General Electric defended the design of the reactor, stating that the station blackout caused by the 2011 Tōhoku earthquake and tsunami was a "beyond-design-basis" event which led to Fukushima I nuclear accidents. According the Nuclar Energy Institute, "Coincident long-term loss of both on-site and off-site power for an extended period of time is a beyond-design-basis event for the primary containment on any operating nuclear power plant".

The reactors shut down as designed after the earthquake. However, the tsunami disabled all diesel backup generators which operated the emergency cooling systems and pumps. Pumps were designed to circulate hot fluid from the reactor to be cooled in the wetwell, but they did not have any power. The reactor cores overheated and likely melted. Radioactivity was released into the air as fuel rods were damaged due to overheating by exposure to air as water levels fell below safe levels. As an emergency measure, operators resorted to injecting seawater into the drywell to cool the reactors, but would also ruin them for future operation. Reactors 1–3, and by some reports 4 all suffered violent hydrogen explosions March 2011 which damaged or destroyed their top levels or lower suppression level (unit 2). Fires in spent fuel ponds also released radiation.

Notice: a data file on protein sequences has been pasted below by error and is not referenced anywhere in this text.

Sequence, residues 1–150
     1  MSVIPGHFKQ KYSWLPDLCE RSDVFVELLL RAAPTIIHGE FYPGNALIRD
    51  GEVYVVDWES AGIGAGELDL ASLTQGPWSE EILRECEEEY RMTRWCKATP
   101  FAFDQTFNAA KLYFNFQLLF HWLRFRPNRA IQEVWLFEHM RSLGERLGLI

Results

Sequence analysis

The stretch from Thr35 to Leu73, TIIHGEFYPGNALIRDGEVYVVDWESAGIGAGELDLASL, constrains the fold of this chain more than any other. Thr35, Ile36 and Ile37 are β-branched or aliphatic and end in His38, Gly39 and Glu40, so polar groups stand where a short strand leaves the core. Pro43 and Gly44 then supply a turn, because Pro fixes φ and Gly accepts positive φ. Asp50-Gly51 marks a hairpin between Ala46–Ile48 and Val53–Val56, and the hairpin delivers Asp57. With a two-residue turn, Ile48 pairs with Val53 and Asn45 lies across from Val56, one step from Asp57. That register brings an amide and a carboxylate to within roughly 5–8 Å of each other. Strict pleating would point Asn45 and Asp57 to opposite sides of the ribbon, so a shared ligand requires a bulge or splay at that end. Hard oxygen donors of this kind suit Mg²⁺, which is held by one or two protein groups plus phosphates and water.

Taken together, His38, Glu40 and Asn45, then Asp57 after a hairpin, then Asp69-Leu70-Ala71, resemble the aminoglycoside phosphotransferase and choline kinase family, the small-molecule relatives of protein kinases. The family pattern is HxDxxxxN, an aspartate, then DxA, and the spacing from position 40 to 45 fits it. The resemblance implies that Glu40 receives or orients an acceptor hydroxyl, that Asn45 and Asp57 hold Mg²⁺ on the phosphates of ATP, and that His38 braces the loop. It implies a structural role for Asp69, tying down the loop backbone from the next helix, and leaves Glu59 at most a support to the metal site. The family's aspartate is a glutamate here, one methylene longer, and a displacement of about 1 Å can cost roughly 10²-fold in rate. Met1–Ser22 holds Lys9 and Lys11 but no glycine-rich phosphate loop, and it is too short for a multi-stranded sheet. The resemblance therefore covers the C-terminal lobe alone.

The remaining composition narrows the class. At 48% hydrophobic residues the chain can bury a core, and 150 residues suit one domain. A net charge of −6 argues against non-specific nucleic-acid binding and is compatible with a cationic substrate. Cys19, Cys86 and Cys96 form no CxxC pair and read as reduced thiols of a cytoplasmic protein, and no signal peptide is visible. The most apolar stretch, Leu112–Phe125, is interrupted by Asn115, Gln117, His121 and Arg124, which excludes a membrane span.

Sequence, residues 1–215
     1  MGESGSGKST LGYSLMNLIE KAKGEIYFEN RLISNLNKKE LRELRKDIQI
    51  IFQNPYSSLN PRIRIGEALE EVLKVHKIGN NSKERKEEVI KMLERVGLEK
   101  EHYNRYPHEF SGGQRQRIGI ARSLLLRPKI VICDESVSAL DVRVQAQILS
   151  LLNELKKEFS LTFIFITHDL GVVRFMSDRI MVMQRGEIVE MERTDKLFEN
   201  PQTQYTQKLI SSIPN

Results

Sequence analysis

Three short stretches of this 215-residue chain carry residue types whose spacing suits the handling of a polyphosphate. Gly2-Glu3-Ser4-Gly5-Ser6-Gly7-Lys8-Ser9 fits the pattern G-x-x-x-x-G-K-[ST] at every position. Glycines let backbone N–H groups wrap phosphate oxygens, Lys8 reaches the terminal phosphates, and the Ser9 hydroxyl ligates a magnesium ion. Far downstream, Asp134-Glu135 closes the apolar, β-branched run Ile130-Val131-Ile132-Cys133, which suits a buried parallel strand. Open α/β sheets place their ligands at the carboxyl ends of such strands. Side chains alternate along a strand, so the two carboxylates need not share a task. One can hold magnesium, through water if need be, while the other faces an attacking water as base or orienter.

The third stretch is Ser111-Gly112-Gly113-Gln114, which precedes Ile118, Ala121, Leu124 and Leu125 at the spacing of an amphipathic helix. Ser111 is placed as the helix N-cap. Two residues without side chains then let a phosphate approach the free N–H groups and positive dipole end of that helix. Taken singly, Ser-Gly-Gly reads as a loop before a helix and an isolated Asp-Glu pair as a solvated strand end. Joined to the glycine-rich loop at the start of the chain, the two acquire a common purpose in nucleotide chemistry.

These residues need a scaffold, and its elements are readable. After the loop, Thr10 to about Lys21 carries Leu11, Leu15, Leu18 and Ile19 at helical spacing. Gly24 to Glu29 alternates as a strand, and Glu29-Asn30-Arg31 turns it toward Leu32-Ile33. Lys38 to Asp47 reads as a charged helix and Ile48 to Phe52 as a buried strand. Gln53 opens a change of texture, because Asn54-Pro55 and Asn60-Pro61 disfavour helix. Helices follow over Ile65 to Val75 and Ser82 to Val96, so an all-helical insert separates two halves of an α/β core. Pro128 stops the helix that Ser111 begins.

As emergency measures, helicopters attempted to drop water from the ocean onto the open rooftops. Later water was sprayed from fire engines onto the roof of reactor 3. A concrete pump was used to pump water into the spent fuel pond in unit 4.

The accident released up to 10,000 terabecquerels of radioactive iodine-131 per hour in the initial days, and up to 630,000 terabequerels total, about one tenth the 5.2 million terabecquerels released at Chernobyl.

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